Monday, September 9, 2019

Positive Youth Development

How vital is CRA in post-9-11 banking?

By Stephanie A. Walker Stradford and Eric Stradford, U.S. Marine Corps, Retired 

AMWS, September 11, 2019, United States of America – A constantly expanding gulf of mistrust is proof enough that business as usual needs to become a practice of the past. 

Our bank, SunTrust, has been somewhat sluggish on calls for transparency.  We heard they were merging with BB&T.  Now we hear they plan to brand our bank, “Truist.”   Who knows? Next, they may even commit $100 million or more to post-9-11 community reinvestment.   

But, before we count the ways to spend pledged funds, #WeThePeople might want to revisit Shakespeare, “To be or not to be?”  Somewhere betwixt the details in a hundred years of bank mergers, a Community Advisory Board will need to explore our bank’s evolving identity and its commitment to post 9-11 #Economic Security.  

One pathway to #EconomicSecurity starts with substantive citizen engagement.  The Federal Deposit Insurance Corporation (FDIC) offers #EconomicInclusion as a necessary first step toward achieving post 9-11 community reinvestment. There is no free ride even if #EconomicJustice is the desired outcome. 

Congress passed the Community Reinvestment Act (CRA) back in 1977 to end discrimination known as redlining.  It required banks to meet the credit needs of communities where they do business.

According to the National Community Reinvestment Coalition (NCRC), discrimination in lending is still a problem.  NCRC is fighting to defend Public Law 95-128  through citizen action they’ve digitally tagged, #TreasureCRA. 

For nearly two decades, post 9-11 survivors have repatriated themselves by decreeing and declaring, “I’m a winner!”  Among them has been a minority group erecting a virtual bridge across an intolerable “digital divide.”  Two-percenters in the YouthUSA Corporate Village of beneficiaries, caring adult stakeholders and elected directors, captured that evidence of things not seen in their faith-based corporate motto, “I believe I can achieve whatever I believe I can achieve.”

THE NATIONAL LEARN-2-EARN CAMPAIGN connects enterprising community members to a Community Advisory Board.  The board is composed of representatives of nonprofit organizations serving low and moderate-income communities.  One shared goal toward #EconomicInclusion might be connecting corporate means to community needs.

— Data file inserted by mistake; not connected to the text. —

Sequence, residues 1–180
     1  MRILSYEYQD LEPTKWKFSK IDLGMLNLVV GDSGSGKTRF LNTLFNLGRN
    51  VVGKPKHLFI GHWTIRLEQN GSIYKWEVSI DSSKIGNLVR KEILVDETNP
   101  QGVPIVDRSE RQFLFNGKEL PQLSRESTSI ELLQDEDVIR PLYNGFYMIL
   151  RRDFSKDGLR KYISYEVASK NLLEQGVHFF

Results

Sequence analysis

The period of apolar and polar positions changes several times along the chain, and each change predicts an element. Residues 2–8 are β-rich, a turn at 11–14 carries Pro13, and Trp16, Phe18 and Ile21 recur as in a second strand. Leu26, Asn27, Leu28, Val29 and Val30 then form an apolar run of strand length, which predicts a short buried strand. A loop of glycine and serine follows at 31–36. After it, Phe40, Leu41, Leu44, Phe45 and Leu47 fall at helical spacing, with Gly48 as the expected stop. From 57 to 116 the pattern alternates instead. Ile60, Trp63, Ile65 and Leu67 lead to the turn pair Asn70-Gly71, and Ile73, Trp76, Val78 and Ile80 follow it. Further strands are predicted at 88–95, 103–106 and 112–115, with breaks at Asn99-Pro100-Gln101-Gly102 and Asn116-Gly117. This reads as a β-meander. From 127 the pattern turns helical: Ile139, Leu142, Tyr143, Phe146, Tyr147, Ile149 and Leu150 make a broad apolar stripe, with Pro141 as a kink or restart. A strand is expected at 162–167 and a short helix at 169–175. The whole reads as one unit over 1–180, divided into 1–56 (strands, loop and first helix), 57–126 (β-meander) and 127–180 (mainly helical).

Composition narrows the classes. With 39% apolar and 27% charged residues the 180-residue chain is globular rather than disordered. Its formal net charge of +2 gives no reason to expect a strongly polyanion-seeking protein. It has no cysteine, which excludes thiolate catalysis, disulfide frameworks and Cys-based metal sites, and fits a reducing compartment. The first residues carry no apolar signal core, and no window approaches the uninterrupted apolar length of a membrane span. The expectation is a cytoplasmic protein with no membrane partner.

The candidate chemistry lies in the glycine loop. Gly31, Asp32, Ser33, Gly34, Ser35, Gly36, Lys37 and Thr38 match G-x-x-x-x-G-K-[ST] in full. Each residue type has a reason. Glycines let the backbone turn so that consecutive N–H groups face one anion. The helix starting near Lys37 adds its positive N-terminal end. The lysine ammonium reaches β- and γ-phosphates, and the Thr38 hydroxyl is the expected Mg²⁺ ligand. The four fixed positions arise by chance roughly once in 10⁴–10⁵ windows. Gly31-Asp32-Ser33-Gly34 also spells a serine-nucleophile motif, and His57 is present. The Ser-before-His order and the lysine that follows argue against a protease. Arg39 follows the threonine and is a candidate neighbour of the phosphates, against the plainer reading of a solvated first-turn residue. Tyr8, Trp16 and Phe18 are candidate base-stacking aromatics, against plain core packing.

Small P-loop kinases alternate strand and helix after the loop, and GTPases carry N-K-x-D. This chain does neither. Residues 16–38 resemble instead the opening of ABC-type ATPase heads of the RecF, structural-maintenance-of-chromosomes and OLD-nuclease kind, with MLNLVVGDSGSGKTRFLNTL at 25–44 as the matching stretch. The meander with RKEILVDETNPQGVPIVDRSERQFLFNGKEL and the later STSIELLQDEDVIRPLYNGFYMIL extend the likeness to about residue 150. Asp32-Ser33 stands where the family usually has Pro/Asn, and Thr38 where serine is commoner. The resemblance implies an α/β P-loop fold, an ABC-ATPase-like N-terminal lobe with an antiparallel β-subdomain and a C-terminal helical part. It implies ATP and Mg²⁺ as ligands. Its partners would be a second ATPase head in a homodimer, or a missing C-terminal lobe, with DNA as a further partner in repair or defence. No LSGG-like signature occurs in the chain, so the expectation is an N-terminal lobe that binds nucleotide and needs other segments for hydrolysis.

YouthUSA program officers have invested time and money in demonstrating #EconomicInclusion for the least among us.  YouthUSA, a SunTrust business banking partner, is growing its first social enterprise business, modeling a shared commitment to communities, affordable housing, small business, and financial wellness.  Lessons learned from past attitudes about minority inclusion are of particular value as bankers pursue public trust around questionable branding.

9-11 is the occasion.  Repatriation of stolen assets is the opportunity for civic engagement. Depending on whether you advocate for Economic Security or Economic Justice, this National Day of Service and Remembrance encourages folks to engage.  Haves and have nots across the country are called on to pay tribute to individuals lost and injured in the attacks, first responders, and the many who have risen in service to defend freedom.

The American Civil Liberties Union (ACLU) points out that defending freedom does not mean sacrificing inalienable rights.  Weeks after the September 11, 2001 attacks, national leaders acted to revise laws about America’s Money-n-the-Bank.  An overnight revision of the nation's surveillance laws “vastly expanded the government's authority to spy on its own citizens, while simultaneously reducing checks and balances on those powers like judicial oversight, public accountability, and the ability to challenge government searches in court,” according to ACLU. 

A terrorized 107th United States Congress passed the USA PATRIOT Act to deter and punish terrorist acts in the United States and around the world, and to enhance law enforcement investigatory tools. But, in an era when many protective measures are being watered down, phased out or deregulated, “#WeThePeople are just beginning to realize just how much we lost in the 9-11 terror attack.

“Other purposes,” alluded to in the USA PATRIOT Act, should have strengthened measures to prevent use of the U.S. financial system for personal gain by corrupt officials and facilitate repatriation of stolen assets to citizens whom such assets belong.